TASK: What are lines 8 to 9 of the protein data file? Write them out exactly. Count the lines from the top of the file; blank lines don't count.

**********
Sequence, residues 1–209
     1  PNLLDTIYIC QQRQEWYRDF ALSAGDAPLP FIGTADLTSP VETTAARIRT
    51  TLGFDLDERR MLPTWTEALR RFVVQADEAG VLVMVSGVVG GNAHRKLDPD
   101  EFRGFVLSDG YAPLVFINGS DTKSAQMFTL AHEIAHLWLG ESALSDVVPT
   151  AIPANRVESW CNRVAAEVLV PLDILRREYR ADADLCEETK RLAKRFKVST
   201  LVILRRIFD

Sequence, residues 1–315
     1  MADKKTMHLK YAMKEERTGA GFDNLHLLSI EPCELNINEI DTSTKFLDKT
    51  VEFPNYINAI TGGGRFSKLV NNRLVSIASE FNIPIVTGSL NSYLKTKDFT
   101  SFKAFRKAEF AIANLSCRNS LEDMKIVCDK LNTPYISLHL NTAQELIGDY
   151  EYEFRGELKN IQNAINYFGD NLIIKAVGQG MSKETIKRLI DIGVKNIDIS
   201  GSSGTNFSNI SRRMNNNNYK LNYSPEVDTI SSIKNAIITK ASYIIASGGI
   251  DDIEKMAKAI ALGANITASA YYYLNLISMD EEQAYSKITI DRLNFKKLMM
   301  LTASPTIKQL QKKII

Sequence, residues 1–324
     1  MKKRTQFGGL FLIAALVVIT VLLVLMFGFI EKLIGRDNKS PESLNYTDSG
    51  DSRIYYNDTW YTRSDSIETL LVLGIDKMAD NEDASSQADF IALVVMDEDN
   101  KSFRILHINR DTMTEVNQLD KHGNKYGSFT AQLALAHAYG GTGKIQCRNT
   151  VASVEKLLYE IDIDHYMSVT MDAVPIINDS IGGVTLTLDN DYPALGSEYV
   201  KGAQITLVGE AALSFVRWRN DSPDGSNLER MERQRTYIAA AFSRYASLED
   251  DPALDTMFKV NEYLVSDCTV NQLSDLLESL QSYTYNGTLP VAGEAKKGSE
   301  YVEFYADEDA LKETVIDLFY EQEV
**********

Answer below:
     1  MADKKTMHLK YAMKEERTGA GFDNLHLLSI EPCELNINEI DTSTKFLDKT
    51  VEFPNYINAI TGGGRFSKLV NNRLVSIASE FNIPIVTGSL NSYLKTKDFT